Tiffani’s Yamaha FZ-07 Tour: At Long Last, Darién Gap!

Chapter 3, Part 18

Tiffani's Yamaha FZ-07 Tour Map
The outline of Panama looks a bit like a winding snake, one that marks the divide between North America and South America.Motorcyclist

This is it! I can barely believe we finally made it! Panama! As we left Talamanca, we finished off the last couple of miles to the border, and prepared for the usual song and dance. Unlike the southern Costa Rica-Panama border, Sixaola had all of the customs, insurance, and immigration buildings close together, so it wasn’t the exhausting headache that I started expecting at each crossing. While it had been a pleasant enough country, I was looking forward to escaping the high prices of Costa Rica and getting back into something much more reasonably priced (though I already missed the free candy they hand out whenever you fill up at a gas station in Costa Rica!).

Tiffani crossing into Panama
Officially crossing into Panama! A river separates Costa Rica and Panama, but the footbridge seemed to get our motorbikes through just fine.David "Hollywood" Hayward

This time, we crossed through without any issues or complaints or mocking chuckles from the border guards, and finally we were set free into Panama. Well, free-ish. There were still checkpoints every 10 feet to double-, triple-, and quadruple-check our paperwork. All of the trucks, cars, and vans were waved right through, but for some reason, we were stopped at every single one.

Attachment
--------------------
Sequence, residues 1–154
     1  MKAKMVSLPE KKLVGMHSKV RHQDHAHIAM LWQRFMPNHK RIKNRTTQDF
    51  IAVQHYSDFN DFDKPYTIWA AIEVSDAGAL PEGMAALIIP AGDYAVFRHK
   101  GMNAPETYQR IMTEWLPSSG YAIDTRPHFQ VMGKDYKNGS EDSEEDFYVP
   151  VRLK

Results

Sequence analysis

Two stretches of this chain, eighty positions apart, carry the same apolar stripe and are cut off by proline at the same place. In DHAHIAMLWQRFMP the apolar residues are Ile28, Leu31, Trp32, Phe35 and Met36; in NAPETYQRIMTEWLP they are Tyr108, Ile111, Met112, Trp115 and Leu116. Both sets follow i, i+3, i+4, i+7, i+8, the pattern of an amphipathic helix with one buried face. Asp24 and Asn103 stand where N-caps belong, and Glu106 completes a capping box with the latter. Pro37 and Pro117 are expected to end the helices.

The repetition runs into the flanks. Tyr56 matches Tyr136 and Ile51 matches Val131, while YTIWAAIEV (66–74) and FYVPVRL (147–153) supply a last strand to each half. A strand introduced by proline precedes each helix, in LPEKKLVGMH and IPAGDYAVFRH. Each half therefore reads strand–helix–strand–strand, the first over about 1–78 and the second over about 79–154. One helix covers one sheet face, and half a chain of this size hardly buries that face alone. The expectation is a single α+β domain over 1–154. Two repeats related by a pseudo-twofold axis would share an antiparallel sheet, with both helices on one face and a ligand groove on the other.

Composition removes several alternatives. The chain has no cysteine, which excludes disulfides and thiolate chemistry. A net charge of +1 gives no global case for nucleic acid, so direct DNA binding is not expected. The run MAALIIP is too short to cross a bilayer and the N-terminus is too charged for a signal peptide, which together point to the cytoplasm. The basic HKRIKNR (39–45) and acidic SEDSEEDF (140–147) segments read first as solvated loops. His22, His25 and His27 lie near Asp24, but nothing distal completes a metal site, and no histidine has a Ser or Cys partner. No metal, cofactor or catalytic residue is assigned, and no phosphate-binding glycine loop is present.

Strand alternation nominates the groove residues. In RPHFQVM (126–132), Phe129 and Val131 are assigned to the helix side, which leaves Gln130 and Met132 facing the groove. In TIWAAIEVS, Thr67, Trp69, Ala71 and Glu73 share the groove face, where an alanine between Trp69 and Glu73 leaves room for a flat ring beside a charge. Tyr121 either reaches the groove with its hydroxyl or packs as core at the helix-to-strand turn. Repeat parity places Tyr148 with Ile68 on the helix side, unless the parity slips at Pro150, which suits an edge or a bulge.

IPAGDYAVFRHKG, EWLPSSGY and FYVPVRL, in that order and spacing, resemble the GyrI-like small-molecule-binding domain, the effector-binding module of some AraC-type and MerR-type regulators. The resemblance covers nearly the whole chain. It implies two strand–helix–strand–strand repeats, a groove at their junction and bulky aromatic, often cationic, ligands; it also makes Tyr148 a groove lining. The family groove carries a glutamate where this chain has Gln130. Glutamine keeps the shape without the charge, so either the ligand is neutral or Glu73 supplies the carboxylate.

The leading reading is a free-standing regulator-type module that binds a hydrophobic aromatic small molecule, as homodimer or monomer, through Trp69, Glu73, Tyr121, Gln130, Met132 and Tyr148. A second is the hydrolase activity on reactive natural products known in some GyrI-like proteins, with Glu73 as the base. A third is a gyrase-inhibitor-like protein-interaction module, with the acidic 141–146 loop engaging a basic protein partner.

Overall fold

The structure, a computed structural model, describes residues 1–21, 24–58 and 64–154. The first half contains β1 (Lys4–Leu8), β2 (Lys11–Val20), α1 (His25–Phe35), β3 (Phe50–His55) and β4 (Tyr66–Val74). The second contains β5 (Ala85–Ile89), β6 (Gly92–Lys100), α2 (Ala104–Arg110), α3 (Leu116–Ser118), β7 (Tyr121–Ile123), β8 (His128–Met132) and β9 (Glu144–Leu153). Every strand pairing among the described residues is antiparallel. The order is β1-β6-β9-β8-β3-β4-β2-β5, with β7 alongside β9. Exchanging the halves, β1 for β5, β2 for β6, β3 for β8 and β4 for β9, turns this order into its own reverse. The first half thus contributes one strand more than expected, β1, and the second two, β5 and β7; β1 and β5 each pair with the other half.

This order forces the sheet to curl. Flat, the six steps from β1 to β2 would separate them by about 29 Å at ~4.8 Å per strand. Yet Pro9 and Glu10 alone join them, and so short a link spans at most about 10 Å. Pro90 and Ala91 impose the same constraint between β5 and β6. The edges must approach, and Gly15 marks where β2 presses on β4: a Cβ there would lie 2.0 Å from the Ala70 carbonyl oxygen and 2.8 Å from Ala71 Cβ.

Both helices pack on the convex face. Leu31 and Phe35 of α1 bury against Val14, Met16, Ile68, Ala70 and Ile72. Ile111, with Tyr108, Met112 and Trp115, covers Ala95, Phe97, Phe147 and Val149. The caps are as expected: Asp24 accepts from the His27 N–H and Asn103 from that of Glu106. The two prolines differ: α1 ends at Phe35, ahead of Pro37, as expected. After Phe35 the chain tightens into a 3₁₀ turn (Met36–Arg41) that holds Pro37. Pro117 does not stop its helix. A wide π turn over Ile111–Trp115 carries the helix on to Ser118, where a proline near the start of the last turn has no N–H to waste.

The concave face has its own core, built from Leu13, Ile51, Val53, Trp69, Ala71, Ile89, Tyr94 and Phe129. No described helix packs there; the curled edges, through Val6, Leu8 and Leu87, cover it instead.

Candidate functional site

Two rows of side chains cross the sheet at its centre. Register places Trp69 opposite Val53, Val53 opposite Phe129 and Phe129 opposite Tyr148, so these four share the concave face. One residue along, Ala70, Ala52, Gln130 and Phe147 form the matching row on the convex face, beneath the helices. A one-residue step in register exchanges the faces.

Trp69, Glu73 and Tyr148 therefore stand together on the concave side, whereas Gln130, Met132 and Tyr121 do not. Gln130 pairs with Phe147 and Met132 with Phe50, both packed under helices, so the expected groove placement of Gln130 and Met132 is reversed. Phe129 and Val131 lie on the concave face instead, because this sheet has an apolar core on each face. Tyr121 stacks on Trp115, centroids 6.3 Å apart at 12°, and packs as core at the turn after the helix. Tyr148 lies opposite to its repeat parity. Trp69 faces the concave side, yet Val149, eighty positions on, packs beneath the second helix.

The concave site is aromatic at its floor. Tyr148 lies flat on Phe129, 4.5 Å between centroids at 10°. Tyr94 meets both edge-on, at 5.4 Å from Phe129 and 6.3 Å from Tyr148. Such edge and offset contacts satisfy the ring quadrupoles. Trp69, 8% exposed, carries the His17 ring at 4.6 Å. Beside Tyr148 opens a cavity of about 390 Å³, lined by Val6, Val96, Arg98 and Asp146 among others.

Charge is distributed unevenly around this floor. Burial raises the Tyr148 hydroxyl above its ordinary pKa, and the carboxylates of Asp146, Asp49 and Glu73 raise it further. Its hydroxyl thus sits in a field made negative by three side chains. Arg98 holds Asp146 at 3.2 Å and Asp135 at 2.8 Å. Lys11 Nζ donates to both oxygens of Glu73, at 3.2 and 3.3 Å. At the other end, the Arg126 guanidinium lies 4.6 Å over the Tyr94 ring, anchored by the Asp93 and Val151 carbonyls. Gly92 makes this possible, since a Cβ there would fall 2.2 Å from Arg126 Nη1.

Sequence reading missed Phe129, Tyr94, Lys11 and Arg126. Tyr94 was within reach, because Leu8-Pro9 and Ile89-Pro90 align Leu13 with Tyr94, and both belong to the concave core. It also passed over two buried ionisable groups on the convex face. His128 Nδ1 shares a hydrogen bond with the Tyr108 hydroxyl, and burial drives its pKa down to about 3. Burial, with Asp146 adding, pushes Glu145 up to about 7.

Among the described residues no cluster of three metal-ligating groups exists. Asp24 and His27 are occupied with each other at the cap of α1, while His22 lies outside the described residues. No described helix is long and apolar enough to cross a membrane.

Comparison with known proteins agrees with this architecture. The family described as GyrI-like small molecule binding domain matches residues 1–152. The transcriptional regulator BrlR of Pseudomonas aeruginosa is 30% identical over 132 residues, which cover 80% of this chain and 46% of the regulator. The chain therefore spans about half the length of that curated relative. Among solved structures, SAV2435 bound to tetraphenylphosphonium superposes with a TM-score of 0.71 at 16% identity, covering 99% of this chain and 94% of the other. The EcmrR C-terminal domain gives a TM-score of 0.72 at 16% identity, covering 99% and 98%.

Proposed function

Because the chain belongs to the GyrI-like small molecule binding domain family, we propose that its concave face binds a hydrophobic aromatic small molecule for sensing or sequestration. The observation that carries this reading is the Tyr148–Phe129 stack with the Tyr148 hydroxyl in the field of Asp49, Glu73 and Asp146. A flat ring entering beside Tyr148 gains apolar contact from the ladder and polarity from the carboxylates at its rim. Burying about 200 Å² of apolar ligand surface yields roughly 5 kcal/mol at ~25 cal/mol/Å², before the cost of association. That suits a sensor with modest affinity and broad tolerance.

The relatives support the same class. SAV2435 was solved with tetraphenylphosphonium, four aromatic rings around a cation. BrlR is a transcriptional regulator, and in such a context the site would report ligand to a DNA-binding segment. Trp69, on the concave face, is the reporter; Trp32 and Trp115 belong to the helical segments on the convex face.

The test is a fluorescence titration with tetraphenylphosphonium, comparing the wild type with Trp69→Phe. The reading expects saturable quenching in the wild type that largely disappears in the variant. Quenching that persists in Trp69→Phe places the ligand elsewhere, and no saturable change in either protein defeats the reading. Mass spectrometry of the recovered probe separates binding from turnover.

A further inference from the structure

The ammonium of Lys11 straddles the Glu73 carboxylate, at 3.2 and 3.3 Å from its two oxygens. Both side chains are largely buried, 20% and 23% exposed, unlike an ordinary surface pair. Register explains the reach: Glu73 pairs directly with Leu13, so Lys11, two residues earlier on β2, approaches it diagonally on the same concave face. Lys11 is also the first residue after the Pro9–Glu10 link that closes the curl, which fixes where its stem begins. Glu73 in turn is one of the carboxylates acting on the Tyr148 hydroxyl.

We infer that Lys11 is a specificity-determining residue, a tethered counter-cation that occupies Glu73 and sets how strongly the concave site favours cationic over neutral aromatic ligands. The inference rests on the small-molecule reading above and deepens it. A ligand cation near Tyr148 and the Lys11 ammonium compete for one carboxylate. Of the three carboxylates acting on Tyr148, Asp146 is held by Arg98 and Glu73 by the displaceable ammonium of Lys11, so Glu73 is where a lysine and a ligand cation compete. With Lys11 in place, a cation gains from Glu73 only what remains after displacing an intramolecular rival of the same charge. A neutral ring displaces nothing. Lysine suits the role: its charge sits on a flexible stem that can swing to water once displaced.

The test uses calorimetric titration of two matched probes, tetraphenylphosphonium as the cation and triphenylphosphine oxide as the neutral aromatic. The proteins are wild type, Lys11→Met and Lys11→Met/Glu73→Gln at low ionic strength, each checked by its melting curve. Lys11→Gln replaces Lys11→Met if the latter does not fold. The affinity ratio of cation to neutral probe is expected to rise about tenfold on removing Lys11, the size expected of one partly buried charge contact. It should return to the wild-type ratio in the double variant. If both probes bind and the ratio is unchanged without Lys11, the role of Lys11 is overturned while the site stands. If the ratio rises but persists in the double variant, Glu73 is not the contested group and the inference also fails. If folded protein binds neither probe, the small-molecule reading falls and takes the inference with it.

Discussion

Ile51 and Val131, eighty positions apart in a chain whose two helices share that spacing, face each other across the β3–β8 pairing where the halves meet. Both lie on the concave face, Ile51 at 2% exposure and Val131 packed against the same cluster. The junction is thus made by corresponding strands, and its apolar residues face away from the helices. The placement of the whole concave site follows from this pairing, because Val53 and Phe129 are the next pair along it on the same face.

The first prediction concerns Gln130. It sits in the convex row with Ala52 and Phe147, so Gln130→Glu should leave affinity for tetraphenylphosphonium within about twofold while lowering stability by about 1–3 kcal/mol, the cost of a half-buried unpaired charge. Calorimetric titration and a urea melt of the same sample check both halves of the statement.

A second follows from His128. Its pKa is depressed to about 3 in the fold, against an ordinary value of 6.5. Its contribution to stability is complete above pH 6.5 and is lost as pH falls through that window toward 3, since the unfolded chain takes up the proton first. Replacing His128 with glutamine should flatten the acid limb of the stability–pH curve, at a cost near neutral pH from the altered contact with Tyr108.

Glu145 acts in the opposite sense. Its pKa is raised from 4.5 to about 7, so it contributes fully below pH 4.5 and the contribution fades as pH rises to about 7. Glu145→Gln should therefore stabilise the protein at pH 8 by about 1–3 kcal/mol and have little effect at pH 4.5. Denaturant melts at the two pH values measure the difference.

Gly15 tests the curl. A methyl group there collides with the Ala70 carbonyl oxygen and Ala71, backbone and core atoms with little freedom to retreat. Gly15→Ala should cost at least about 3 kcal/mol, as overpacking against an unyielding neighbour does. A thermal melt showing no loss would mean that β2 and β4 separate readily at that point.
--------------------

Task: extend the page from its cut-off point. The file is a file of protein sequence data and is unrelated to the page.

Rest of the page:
Tiffani Yamaha FZ-07 Tour Riding through clouds
Riding through the clouds has become a fairly regular part of navigating Central American mountains, occasionally with fog so thick I can’t even see Hollywood a few feet in front of me. Or a snake or bird crossing the road until it’s too late—sorry, guys!David "Hollywood" Hayward

The landscape was every bit as beautiful as Costa Rica, but with a slightly different range of greens made that much more exquisite by the simple feeling of accomplishment we achieved to see it. We stopped in Zegla for the night at one of the only hotels in town. It wasn’t the nicest spot, but basically everything without visible roaches exceeds my Central America standards nowadays. Hollywood stopped into a local barber for a haircut in tribute to the late and still great Nicky Hayden. However, the barber was drinking beer and did most of his cutting with a loose razor blade. (Which is why I don’t get haircuts. How have we not died yet?) And we headed out the next day with little to do.

There was only one road from the top of Panama down to the Pan-American Highway, and lucky for us, it was twisty, scenic, and offered pleasantly cool mountain air. The road itself ranged from wonderful to “When did I trade the FZ in for a jackhammer?” But all in all, I can’t really complain. That snake that I accidentally ran over when we got up into the fog can complain, but I can’t. (Sorry!)